You will probably recall the horrific blast that occurred on February 7, 2010, at Kleen Energy power plant in Middletown, Connecticut. Six workers were killed and 26 others were injured when an explosion ripped through the building. It was reported that a gas line purge was being conducted at the time. For a reminder on the details of this event, see our posting filed that same day in February. You can also watch a news report on the investigation into the cause of the explosion as well.
Two employees of a subcontractor, Ducci Electrical Contractors, on the site that day, Timothy Hilliker and Harold Thoma, are the first to file a suit relating to this incident. It is alleged that “…the Feb. 7 purge was poorly supervised, that active welding and grinding were taking place on-site at the time of the explosion and that a gas-fueled torch heater was running at the time of the deadly blast.”
Hilliker and Thoma are being represented by Joel Faxon of Stratton Faxon. In an interview with the Hartford Courant, Faxon provided the essence of their claim:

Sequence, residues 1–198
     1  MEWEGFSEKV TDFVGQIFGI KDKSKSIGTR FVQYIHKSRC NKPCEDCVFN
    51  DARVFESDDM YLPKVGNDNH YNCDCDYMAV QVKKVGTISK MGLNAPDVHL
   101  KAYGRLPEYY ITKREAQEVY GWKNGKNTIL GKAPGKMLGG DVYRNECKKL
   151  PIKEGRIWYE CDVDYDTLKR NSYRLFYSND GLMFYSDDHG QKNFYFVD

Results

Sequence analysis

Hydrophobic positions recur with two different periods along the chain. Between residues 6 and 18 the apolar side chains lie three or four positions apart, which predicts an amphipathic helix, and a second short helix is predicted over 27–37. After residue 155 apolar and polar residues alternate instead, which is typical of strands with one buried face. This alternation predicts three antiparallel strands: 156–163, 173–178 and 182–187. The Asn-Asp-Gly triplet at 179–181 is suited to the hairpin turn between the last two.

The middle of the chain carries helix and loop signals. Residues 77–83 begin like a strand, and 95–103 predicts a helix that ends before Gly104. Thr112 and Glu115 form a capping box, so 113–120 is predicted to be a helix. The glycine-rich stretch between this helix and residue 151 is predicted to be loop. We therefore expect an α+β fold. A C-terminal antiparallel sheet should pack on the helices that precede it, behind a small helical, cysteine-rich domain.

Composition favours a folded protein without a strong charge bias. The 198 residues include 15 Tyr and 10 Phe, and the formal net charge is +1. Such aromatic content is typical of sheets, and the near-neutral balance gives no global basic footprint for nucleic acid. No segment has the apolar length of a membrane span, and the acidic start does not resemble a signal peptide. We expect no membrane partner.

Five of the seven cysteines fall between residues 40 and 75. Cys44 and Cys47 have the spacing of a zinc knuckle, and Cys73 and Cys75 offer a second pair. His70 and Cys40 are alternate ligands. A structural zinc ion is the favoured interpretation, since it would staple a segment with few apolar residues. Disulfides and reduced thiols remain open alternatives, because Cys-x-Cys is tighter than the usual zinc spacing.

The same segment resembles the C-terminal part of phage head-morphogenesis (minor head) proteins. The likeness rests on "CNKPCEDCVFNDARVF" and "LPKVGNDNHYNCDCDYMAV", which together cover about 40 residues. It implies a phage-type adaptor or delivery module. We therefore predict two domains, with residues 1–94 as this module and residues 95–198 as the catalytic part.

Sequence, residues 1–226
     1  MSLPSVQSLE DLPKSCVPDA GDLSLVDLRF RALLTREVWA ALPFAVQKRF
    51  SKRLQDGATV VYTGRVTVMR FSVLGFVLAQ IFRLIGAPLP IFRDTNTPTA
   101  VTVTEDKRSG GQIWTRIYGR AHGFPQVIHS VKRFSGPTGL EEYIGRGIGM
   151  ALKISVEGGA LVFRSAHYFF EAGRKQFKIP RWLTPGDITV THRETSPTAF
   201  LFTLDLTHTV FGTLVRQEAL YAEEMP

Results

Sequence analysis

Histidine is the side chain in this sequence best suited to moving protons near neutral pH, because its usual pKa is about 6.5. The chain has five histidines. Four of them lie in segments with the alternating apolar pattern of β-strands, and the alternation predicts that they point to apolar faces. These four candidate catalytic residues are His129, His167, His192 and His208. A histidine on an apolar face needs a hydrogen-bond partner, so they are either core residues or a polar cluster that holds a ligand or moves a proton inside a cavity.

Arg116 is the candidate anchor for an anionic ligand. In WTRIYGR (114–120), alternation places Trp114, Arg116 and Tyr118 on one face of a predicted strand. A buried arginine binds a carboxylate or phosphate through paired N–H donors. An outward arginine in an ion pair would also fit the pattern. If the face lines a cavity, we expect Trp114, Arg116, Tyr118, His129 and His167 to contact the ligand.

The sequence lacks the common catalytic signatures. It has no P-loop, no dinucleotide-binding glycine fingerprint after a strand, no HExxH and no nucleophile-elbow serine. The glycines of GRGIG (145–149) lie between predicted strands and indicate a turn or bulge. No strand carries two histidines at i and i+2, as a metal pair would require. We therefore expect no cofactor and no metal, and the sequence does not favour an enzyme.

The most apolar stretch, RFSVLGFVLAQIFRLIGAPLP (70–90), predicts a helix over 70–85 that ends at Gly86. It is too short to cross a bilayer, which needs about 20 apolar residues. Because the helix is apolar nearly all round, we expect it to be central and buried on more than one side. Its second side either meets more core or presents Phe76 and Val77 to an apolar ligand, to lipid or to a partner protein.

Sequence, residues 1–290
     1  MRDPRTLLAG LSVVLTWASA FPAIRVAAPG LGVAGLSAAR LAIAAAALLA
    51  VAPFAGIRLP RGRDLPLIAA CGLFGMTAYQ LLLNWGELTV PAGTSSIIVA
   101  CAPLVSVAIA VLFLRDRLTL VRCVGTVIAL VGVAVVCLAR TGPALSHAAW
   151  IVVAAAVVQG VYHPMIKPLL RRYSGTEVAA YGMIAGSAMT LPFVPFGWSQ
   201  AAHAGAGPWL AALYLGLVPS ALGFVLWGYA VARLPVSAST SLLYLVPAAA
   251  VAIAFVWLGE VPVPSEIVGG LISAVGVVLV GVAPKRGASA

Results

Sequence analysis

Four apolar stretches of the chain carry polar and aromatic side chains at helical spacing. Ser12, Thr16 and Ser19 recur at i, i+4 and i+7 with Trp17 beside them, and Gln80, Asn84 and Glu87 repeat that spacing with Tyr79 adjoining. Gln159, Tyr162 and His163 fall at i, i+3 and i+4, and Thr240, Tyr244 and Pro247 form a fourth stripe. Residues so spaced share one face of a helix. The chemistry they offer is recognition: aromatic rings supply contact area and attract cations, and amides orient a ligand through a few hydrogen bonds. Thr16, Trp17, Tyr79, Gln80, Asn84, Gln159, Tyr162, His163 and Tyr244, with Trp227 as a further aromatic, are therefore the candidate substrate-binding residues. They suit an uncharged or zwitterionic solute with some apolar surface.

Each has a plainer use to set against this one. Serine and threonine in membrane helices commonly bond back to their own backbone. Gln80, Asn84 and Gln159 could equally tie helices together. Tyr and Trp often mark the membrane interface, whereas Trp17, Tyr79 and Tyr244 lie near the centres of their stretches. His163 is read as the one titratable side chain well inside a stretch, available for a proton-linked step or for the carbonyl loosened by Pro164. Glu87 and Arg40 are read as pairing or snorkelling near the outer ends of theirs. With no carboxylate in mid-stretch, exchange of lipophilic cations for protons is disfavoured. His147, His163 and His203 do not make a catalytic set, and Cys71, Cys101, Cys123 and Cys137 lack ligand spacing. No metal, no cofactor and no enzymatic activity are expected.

“These guys showed up to work and had no concept of what was going on. There was no supervisor telling them what to do.”
Faxon said that Thoma had just stepped out of the Ducci construction trailer when the blast occurred. He suffered head injuries and has been in and out of the hospital. Hilliker was in the trailer when the blast occurred and was thrown into a wall; he also had head injuries.
Faxon said his firm represents about 12 people who were working at the plant when the blast occurred. The lawsuit names O&G Industries, the general contractor for the billion-dollar construction job; Keystone Construction and Maintenance Services Inc., which was supervising the purge; and plant owner Kleen Energy Systems LLC.
According to the report, the pipeline purging, which is the still under investigation for possible criminal charges, is expected to be the subject of much discussion at a National Fire Protection Administration safety seminar this week in San Francisco.
Dan Horowitz, a spokesman for the NFPA, stated, “You don’t want to ventilate in an area where gas can accumulate near people and ignition sources,” Horowitz said. According to Horowitz, the board is recommending a ban of indoor purging of gas lines and will state that gas should be discharged outdoors, away from all confined areas.
UPDATE: 2/25/10 – new warrant issued for site – see today’s posting in boston.com.